Role of the Pathway
The role of the pathway in the system is to maintain the integrity of the program of study. This is done by designing it in a way that both aligns the student learning outcomes with the graduate profile and creates a learning experience that incorporates the four core elements: rigorous academics, career technical education, work-based learning, and student support. The program of study provides performance-based learning and assessment experiences that transform what students are able to know and do upon graduation and positions students to have a college and career readiness plan in place that they are able to undertake. Lastly, pathways must also create the infrastructure, processes, and learning spaces needed for teachers to collaboratively review data, develop curriculum, refine practice, and revisit outcomes to maintain a high-quality program of study with authentic learning opportunities.
Pathway Essential Element Domains and Resources
The progress of every student toward measurable and consequential learning outcomes is the driving purpose for the pathway Community of Practice. The pathway team regularly reviews several kinds of evidence, including: (1) performance-based measures of pathway-specific student learning outcomes; (2) information on students’ level of performance, available from student information systems; (3) individual student growth in performance, both on pathway specific learning outcomes and on transcript-based measures; (4) students’ success after high school in postsecondary education and employment, if available; and (5) trends over time in all these measures for the pathway students as a group. The team uses data on a monthly basis to inform and improve professional practice, and on an annual basis to revise the pathway improvement plan.
Domain Resources 1-4:
A college and career readiness pathway pursues both excellence and equity as mutual goals. A pathway establishes high achievement expectations for all students and practices non-discriminatory and inclusive policies, practices, and pedagogy. The pathway is equitably accessible to and serves well any interested student, regardless of race, ethnicity, gender, sexual orientation, socio-economic status, special needs, or prior academic achievement. An equity-focused pathway intentionally reflects the diversity and strengths of its school, community, and district, and the grouping of its students is heterogeneous, flexible, and equitable.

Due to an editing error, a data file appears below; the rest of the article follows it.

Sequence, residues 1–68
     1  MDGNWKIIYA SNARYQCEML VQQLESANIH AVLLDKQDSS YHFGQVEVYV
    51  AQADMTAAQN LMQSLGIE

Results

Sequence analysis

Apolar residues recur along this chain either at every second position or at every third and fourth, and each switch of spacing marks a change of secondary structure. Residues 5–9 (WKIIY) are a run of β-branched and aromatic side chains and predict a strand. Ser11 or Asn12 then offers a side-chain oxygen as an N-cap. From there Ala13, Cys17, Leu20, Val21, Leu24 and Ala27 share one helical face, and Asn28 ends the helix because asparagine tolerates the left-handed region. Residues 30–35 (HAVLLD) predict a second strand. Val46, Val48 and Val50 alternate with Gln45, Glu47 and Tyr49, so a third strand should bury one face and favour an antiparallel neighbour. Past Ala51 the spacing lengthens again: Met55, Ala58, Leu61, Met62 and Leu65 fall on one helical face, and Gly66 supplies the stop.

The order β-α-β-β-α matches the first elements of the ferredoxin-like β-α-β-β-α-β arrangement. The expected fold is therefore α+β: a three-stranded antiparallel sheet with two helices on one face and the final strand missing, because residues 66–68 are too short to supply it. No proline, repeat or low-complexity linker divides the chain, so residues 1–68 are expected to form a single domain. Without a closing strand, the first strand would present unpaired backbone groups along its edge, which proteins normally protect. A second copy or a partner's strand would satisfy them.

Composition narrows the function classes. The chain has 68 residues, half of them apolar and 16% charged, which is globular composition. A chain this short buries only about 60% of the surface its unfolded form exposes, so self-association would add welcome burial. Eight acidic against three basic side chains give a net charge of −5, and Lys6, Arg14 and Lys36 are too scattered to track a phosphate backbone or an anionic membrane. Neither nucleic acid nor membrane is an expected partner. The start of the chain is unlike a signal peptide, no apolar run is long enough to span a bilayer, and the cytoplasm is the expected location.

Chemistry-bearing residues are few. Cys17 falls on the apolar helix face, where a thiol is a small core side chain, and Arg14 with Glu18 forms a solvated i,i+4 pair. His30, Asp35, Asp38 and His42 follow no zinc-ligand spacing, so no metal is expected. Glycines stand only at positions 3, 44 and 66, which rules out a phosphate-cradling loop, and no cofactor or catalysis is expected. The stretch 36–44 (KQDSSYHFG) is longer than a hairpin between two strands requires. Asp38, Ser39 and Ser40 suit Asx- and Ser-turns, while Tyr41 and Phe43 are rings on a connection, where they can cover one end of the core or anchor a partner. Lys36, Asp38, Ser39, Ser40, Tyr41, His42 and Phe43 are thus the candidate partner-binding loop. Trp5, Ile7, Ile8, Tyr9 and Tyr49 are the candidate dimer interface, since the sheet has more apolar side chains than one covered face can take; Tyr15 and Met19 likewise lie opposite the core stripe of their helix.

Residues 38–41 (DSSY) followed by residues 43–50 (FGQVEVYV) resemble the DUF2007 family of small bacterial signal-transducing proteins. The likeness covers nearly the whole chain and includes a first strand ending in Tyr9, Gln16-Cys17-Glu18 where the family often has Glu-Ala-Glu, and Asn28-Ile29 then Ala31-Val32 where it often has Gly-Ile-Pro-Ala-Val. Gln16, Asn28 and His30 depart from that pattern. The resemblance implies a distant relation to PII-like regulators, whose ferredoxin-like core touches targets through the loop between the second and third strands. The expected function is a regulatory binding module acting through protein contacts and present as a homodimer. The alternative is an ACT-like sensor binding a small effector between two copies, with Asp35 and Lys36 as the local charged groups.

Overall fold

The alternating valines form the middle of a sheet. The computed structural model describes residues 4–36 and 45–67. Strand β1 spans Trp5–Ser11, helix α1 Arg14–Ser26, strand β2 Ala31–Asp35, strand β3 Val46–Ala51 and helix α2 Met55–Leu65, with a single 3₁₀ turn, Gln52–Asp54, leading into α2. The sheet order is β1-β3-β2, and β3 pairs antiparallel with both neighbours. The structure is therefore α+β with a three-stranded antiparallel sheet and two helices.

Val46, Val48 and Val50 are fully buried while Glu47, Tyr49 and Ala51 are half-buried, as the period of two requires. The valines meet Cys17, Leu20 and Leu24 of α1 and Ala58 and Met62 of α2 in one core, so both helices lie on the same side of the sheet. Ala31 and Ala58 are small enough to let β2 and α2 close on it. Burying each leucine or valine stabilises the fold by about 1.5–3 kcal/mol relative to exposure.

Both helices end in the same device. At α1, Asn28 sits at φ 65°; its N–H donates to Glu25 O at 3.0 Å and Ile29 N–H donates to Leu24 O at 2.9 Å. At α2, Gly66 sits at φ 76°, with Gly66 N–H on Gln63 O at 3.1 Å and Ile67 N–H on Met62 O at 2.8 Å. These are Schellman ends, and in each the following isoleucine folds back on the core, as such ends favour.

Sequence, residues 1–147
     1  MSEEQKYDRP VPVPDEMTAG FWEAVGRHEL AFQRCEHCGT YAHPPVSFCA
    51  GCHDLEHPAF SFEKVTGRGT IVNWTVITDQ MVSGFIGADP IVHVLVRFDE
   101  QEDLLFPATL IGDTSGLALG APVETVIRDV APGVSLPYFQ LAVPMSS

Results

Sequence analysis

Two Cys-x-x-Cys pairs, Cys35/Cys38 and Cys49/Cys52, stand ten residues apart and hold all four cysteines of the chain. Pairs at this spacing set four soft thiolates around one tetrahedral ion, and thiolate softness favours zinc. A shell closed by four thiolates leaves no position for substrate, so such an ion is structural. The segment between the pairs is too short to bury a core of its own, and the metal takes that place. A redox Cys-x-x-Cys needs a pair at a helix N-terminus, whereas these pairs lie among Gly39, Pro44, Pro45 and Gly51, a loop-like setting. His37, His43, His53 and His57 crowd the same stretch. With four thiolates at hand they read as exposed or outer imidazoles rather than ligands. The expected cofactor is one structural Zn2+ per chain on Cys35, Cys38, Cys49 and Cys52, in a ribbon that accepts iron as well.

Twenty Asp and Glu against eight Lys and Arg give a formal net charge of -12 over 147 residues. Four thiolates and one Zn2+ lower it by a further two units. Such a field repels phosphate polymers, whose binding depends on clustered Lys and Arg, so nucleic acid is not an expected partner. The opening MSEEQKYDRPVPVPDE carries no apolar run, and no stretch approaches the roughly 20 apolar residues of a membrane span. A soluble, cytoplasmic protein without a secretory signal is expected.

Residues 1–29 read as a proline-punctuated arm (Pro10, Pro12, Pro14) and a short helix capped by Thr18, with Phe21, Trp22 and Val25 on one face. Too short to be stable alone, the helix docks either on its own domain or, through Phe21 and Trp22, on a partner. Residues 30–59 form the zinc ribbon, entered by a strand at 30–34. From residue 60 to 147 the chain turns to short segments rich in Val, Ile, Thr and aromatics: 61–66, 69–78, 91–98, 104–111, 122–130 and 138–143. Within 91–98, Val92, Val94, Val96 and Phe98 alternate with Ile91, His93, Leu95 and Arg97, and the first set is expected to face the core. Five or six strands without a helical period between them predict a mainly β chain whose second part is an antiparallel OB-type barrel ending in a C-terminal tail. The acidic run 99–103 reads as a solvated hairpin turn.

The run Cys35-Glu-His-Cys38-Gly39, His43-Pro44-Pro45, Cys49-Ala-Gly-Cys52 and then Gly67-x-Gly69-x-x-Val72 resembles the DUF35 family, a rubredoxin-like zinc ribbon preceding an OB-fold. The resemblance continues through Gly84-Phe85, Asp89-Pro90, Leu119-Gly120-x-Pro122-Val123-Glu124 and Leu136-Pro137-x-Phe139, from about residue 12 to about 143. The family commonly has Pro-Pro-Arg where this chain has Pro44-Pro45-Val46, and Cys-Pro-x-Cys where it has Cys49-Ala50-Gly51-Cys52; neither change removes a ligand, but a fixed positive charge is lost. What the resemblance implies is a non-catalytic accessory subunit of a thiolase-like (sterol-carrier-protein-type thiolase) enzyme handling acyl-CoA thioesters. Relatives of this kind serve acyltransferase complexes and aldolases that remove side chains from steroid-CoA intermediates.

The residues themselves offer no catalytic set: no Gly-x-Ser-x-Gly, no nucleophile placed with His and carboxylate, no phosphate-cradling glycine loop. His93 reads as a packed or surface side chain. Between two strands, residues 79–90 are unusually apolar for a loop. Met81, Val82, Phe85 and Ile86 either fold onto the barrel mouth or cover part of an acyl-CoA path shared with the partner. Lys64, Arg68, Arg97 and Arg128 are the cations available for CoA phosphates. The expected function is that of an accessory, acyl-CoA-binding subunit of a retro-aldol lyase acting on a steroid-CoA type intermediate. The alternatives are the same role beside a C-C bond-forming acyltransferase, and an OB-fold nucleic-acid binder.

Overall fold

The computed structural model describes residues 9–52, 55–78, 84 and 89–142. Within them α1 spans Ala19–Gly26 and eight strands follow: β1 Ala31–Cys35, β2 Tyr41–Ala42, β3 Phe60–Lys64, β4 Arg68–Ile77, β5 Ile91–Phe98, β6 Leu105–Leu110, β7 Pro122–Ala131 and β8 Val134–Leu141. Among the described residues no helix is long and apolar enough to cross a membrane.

An industry-themed pathway program of study brings coherence to the four core components of college and career readiness rigorous academics, real-world technical skills, work-based learning, and personalized supports. It intentionally coordinates and sequences student learning experiences in a way that integrates rigorous academic and technical core curriculums. The pathway theme is broad enough to appeal to and engage all students. The program of study maximizes cohort scheduling to ensure that all pathway students are offered the opportunity to earn postsecondary credit and are prepared for success in the full range of post-secondary options.
Pathway students engage in inquiry and project-based learning that is outcome-focused, rigorous, relevant, and collaborative in nature. Members of the pathway Community of Practice plan these learning experiences for students. They regularly collaborate to develop and articulate standards-aligned grade-level, course, and project outcomes to organize the pathway’s program of study and guide assessment, curricular, and instructional planning. They also use performance assessment tasks with common rubrics to assess, monitor, and support every student’s progress toward mastery of college- and career-ready pathway learning outcomes. The Community of Practice regularly engages in professional learning, evidence-based inquiry, and reflection to continuously improve their practice.
All students participate in a personalized and coordinated continuum of work-based-learning (WBL) experiences designed to help them master and demonstrate academic, technical, and 21st Century skills, as identified in the pathway student learning outcomes. WBL builds on and extends every pathway’s program of study. WBL occurs in-person and online: in the workplace, the community, and at school. Students acquire academic, technical, and 21st century knowledge and skills through WBL, which enhances their preparedness for the demands of college and careers.
Every pathway student is supported by pathway staff, partners, and families. The pathway Community of Practice tailors learning experiences to students’ individual developmental needs, skills, strengths, interests, and aspirations. Pathway staff, in consultation with families and service providers, identify and address the academic, personal, and social-emotional needs of every student so that s/he makes progress toward personalized college and career goals and pathway student learning outcomes.
The pathway staff, school, and district leaders and partners share responsibility for program effectiveness and accountability for student outcomes. These stakeholders assure that conditions are in place to establish and sustain pathway quality. The pathway engages a formal advisory board that serves as an organizing structure to effectively engage a core of stakeholders, including business, post-secondary, and community partners.